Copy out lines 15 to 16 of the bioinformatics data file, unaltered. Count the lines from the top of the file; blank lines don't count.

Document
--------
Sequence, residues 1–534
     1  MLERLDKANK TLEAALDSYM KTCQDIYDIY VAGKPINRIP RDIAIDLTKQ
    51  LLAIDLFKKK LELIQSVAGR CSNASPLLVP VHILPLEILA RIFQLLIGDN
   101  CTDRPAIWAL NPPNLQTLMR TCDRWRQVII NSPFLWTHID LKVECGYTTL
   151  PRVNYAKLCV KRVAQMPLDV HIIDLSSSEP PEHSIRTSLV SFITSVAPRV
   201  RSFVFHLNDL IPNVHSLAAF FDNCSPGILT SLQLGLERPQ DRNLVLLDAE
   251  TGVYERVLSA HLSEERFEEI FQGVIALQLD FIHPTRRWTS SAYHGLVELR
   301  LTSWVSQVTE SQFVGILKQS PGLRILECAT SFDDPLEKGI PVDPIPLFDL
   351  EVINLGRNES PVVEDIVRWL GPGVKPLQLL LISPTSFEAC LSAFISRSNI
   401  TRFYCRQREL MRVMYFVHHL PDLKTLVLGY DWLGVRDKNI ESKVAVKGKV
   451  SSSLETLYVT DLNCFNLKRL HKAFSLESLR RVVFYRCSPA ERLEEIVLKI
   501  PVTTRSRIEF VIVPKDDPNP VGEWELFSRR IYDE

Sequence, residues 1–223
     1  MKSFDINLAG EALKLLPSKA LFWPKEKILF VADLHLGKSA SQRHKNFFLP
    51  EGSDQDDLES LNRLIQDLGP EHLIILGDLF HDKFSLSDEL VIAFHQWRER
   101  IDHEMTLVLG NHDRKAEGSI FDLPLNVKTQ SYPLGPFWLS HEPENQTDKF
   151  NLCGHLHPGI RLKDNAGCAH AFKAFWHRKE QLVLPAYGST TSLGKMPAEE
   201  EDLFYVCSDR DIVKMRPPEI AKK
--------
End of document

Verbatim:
    51  EGSDQDDLES LNRLIQDLGP EHLIILGDLF HDKFSLSDEL VIAFHQWRER
   101  IDHEMTLVLG NHDRKAEGSI FDLPLNVKTQ SYPLGPFWLS HEPENQTDKF